A woman walks with a young child on her back, holding two large fruit boxes with both hands. Her steps waver a bit, due to the weight she carries.
Individuals employ different methods to transport heavy goods – some opt for the traditional long shoulder pole, while others balance oversized loads on their bikes. They patiently wait at the entrance gate.
This is the border pass gate known as Sin Phyu (white elephant) near the Muse town border with Myanmar. Here, porters labor to transport goods from China to the Myanmar side.
“We receive one Chinese Yuan for each kilogram of goods we carry. So, if we transport 20 kilograms, we earn 20 Yuan,” explained Nang Hmo (not real name), a mother with a young child who works as a porter.
One Chinese Yuan is equivalent to 400 Myanmar Kyats, and the people at the border commonly use Chinese currency.
Porters earn one Yuan for each kilogram of goods they transport, such as fruit and egg boxes, with the payment determined by the weight measured.
The Chinese authorities reopened the border pass on September 4, signaling the conclusion of a three-year closure prompted by the COVID-19 pandemic. The area is now bustling with people eagerly anticipating the opportunity to cross the border for work on the other side, while others are awaiting the chance to engage in portering or laboring with goods coming from China.
Since the last week of April, officials on both sides have banned the use of cars for goods transportation, citing differences between the items and the 3% product-based tax. To ensure precise measurements, they have restricted transportation to handcarry and motorcycles and banned the usage of cars.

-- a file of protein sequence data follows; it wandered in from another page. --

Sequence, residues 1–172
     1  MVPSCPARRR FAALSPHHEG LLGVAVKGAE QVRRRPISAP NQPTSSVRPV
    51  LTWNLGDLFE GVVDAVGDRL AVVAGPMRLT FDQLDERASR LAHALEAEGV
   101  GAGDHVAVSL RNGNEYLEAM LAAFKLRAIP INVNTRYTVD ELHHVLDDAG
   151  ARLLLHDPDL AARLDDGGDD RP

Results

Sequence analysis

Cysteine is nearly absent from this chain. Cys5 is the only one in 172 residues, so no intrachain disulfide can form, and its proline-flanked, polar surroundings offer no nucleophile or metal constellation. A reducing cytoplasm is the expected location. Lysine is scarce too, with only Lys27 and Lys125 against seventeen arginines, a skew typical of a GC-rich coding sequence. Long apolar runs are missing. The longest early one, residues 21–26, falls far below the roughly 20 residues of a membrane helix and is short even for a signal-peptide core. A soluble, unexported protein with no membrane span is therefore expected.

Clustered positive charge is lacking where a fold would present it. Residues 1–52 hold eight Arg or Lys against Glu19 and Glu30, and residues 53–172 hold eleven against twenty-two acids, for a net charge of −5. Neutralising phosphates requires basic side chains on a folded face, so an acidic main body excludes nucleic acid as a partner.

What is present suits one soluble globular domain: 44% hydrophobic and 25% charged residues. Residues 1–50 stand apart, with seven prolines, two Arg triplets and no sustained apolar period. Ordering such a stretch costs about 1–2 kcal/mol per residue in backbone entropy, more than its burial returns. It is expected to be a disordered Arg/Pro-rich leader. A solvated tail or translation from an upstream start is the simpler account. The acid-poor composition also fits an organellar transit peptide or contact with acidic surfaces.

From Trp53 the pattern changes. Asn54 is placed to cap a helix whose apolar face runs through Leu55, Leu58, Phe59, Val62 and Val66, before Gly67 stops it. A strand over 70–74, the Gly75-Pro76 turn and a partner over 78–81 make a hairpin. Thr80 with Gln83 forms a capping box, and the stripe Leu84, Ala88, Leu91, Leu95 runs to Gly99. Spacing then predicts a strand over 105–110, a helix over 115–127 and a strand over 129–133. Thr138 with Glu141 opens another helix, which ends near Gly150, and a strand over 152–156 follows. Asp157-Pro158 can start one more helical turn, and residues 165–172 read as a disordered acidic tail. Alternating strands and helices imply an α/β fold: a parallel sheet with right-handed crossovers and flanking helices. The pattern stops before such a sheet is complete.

However, the State Administration Council (SAC) has announced plans to combat illegal trading along the border, as it has resulted in a loss of national revenue and negatively impacted the economy. It is stated that their efforts are aimed at ensuring compliance with the law in border trading activities.
Due to such restrictions, residents in the Muse border trade town encountered challenges in transporting goods, relying on manual labor and motorcycles. Those engaged in these labor-intensive activities also faced additional difficulties.
“Every day, those involved in porter labor have to wake up early, usually around 2:00 a.m. to 3:00 a.m., and join the queue to offer their services. Members of the people militia groups and the police often reserve spots in the queue and sell tokens back to the people,” explained Nang Hmo.
Porters are required to wait in line to cross the border and carry goods from the other side. However, they have also faced exploitation as members of the militia and police sell tokens. The porters are advocating for fair treatment in this regard.
“No matter how early people wake up and join the line, they always end up having to buy a token. Because of this we even had an issue with the police. They should prioritize those who arrive early in the line; it’s not fair. Now, it doesn’t matter how early you arrive; without purchasing a token, you won’t secure a place.” complained Nang Hmo.
Members of the people militia group reserve parking spaces for around 20-30 motorbikes and sell them back to people early in the morning. Throughout the day, the police reportedly follow a similar practice, reserving parking spaces for about 300 motorbikes and selling them to individuals, as claimed by the porter workers.
The token-selling practice involves militia groups selling one spot for each motorbike or person for 15,000 MMK, whereas the police sell each token for 10,000 MMK.
Additionally, some civilians resort to sleeping overnight to reserve spaces and later sell these spots to those in need for 15,000 MM.